Two interesting (they are all interesting in their own way) principles that surface in the passage is God's welfare system and ways in which the poor are treated, and the last chapter of our reading in relation to worship. First the poor. Many of the laws that relate to the poor seem to want to do one main thing: preserve their dignity as human beings. Reading the passages makes us aware that to be poor doesn't mean God looks at them as lacking in character or respect. The way in which we respond to the poor has much to do with our own blessing.

"When you are harvesting in your field and you overlook a sheaf, do not g…

Laws & Consequences

Today's reading is in Deuteronomy 21, 22

Much of what is in these passages still has a lot of relevance, in principle form, to today. It's easy to read this and dismiss the value, or relevance of what it's saying. DO we really need to not wear clothes of wool and linen woven together? And, what about those "tassels on the four corners of the cloak"? Yet, pay attention, not to the specifics, but to the principles and values that the laws are based on. For example, the tassels aren't well defined here, but in Numbers 15:37-41 they are explained:

Numbers 15:37-41 (NIV)
37 The LORD said to Moses,
38 "Speak to the Israelites and say to them: 'Throughout the generations to come you are to make tassels on the corners of your garments, with a blue cord on each tassel.
39 You will have these tassels to look at and so you will remember all the commands of the LORD, that you may obey them and not prostitute yourselves by going after the lusts of your own hear…

Cities of Refuge and Concerns of War

Today's readings are from Deuteronomy 19 and 20.

The first part of this restates the creation of "Cities of refuge" in the new land. Remember, Deuteronomy means second law and is a re-statement of the principles of the first law. So why do it? The main thing is to reemphasize that capital offenses, such as pre-meditated murder are not to be tolerated; but justice demands fairness in terms of dealing with those offenses. In this way, Israel as a nation was far ahead of the nations of its day.

The second part has some interesting rules connected to who goes to war and what happens when warfare occurs, even down to the trees they could cut to use for part of the warfare.

As we read, it's easy to dismiss the value of this all. We don't have these cities of refuge, and we have a military that fights with technological means, but the principles of justice, mercy, even concern for the environment all stand out and remind us that every generation has to learn how to …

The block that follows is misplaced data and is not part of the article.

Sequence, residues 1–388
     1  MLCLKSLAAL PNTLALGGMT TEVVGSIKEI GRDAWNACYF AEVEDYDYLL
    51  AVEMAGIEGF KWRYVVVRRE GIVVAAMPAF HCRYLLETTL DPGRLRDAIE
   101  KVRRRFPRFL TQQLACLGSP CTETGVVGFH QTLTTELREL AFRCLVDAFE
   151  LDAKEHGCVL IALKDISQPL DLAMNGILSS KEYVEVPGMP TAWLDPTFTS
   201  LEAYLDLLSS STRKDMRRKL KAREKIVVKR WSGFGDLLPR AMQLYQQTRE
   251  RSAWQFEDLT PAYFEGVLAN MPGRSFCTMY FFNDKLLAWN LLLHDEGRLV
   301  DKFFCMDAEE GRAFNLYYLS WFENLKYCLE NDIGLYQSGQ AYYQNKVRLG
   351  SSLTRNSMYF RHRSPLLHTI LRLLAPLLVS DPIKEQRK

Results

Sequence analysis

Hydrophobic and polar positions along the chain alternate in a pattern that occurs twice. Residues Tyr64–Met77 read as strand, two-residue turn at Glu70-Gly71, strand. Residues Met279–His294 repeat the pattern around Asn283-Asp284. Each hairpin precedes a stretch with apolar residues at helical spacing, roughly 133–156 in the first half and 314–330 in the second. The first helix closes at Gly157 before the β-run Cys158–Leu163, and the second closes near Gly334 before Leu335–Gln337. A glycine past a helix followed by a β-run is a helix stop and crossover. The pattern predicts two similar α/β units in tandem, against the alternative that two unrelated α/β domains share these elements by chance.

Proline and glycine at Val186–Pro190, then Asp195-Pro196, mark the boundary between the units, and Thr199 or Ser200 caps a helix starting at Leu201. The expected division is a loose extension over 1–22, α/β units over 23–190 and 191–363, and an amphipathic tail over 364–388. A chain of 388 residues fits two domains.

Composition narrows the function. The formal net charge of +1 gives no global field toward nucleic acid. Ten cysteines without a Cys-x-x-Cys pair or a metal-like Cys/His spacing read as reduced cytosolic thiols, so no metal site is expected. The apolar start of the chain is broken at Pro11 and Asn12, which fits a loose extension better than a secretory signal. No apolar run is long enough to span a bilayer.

Kings and Prophets

Today's readings are in Deuteronomy 17 & 18

As this young nation gets ready to enter into the land, two new offices of leadership are recognized for the first time - Kings and Prophets.
They are completely different offices, but both exert leadership and influence on the lives of the people.
The section we're in continues to be an expansion on the theme of the first three commandments that refer to God. Moses will not be going into the land and as leader of the nation he has already given leadership over to Joshua. The law gives rights to humans charged with serious crimes; but individual responsibility is established, nonetheless.

The fact that Moses outlines the responsibilities of a King suggest that God made allowance for that kind of leadership "down the road". It would be several hundred years - after the period of the Judges - before Israel would seek a King. Perhaps the major hesitations have to do with their tribal distinctions as 12 tribes, and the desi…

Loving Obedience

Today's readings are from Deuteronomy 11, 12, 13

Reading through the Bible in one year is best done in daily steps. I remember the first time I tried reading through the entire scriptures; I would find the need to sit down and read several days at a time just to catch up, and it felt like the whole year was just trying to keep up to get through it all. It's a bit like fasting followed by overeating...not recommended. I say all of that for those who find themselves at times struggling to "catch up"...the key might be in leaving what you didn't read behind and just start anew...AND, that is the lesson out of the reading today.

Anything we do for God needs to be done out of loving obedience. The problem, as Moses so aptly describes in this reading, is that we lose focus and we are tempted to substitute faithfulness and loving obedience for expediency and cultural accommodation. His warning was to the Israelites to live with a sense of loving obedience to God, and…

The Need for Remembering

Today's readings are from Deuteronomy 8, 9, 10

Alzheimer's Disease is a terrible disease. I saw it firsthand when my mother contracted it in her 60's. She lived ten more years with it, but it was a steady downhill slope of forgetting. The problem is that it's bad enough to forget where you are, what you're suppose to be doing, why you went one place or another; but it's worse to forget relationally. To forget who your friends are, to not recognize your grandchildren, or even your children.

We all have times of forgetfulness...most of the time it's harmless. It usually is no big deal, although at times it can lead to stress in relationships...as in forgetting a lunch meeting, or to return a phone call. Most forgetfulness is unintentional - we simply get busy with other things and forget! Yet sometimes forgetting is part of a bigger issue - we don't want to remember. We tell ourselves a lie, that the person is not that important, or they can wait,…